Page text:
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School and local environmental knowledge, what are the links? A case study among indigenous adolescents in Oaxaca, Mexico.

Rui­z-Mallen, Isabel, Barraza, Laura, Bodenhorn, Barbara and Reyes-Garcia, Victoria 2009, School and local environmental knowledge, what are the links? A case study among indigenous adolescents in Oaxaca, Mexico., International research in geographical and environmental education, vol. 18, no. 2, pp. 82-96, doi: 10.1080/10382040902861155.

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Title School and local environmental knowledge, what are the links? A case study among indigenous adolescents in Oaxaca, Mexico.
Author(s) Rui­z-Mallen, Isabel
Barraza, Laura
Bodenhorn, Barbara
Reyes-Garcia, Victoria
Journal name International research in geographical and environmental education
Volume number 18
Issue number 2
Start page 82
End page 96
Total pages 15
Publisher Routledge
Place of publication Abingdon, England
Publication date 2009-05
ISSN 1038-2046
1747-7611
Keyword(s) environmental education
environmental knowledge
ethnobiology
indigenous adolescents
Mexico
Summary Understanding environmental learning is the first step to constructing successful environmental education programs. Little research has addressed the relation between the environmental knowledge learned inside and outside schools. Environmental educators and ethnobiologists have worked independently, without assessing how school and local environmental knowledge relate to each other. This research examines school and local environmental knowledge acquisition of 95 Mexican indigenous adolescents. Multivariate regression analysis was used to assess (1) school and local environmental knowledge overlap and (2) the association between individual environmental knowledge and socio-demographic characteristics. Data show that school and local environmental knowledge are not associated in a statistically significant way. A possible explanation for the finding is that the two forms of knowledge are complementary because they exist in parallel. Adolescents’ school and local environmental knowledge is associated with their level of schooling, but not with parental occupation in community forestry. The use of traditional pedagogical practices at school and the loss of traditional culture at home might hamper indigenous adolescents’ environmental learning.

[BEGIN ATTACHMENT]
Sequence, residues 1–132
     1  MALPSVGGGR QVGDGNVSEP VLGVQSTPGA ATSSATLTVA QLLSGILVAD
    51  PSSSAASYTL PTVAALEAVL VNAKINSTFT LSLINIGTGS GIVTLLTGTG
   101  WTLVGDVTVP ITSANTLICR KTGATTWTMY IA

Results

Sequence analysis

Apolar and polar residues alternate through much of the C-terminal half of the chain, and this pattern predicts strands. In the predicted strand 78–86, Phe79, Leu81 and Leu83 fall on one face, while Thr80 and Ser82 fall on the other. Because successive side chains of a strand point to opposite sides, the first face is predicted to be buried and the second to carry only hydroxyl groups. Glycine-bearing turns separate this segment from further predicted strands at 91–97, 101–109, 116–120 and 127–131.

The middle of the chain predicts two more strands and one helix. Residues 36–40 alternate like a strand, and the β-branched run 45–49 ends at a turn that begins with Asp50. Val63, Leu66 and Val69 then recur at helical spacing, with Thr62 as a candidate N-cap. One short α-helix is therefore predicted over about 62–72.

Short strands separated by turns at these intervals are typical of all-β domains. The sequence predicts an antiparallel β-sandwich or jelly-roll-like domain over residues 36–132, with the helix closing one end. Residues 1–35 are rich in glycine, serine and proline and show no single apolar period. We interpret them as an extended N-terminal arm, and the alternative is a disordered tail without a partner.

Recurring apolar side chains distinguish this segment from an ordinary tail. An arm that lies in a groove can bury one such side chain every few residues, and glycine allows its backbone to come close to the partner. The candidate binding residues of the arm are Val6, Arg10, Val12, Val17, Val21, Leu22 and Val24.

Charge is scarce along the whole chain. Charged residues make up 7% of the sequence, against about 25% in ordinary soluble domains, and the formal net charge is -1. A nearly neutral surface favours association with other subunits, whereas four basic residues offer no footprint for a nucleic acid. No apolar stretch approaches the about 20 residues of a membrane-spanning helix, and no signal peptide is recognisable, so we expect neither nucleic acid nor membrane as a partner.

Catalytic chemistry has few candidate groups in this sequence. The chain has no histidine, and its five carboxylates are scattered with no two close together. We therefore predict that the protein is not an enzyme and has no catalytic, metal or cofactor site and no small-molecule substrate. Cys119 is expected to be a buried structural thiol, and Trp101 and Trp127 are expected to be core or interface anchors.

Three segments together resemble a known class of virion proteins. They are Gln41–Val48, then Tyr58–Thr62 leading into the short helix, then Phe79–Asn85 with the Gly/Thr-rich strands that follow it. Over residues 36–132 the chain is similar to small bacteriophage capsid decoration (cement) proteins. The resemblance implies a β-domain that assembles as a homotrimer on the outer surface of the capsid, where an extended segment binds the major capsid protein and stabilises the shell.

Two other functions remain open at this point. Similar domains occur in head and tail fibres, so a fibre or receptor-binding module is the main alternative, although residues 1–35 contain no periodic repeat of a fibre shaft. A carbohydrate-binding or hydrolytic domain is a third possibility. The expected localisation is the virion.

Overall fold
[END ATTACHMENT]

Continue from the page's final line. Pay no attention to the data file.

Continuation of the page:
Language eng
DOI 10.1080/10382040902861155
Field of Research 050203 Environmental Education and Extension
130212 Science, Technology and Engineering Curriculum and Pedagogy
Socio Economic Objective 970105 Expanding Knowledge in the Environmental Sciences
HERDC Research category C1.1 Refereed article in a scholarly journal
Copyright notice ©2009, Taylor & Francis
Persistent URL http://hdl.handle.net/10536/DRO/DU:30025623

Document type: Journal Article
Collection: School of Education
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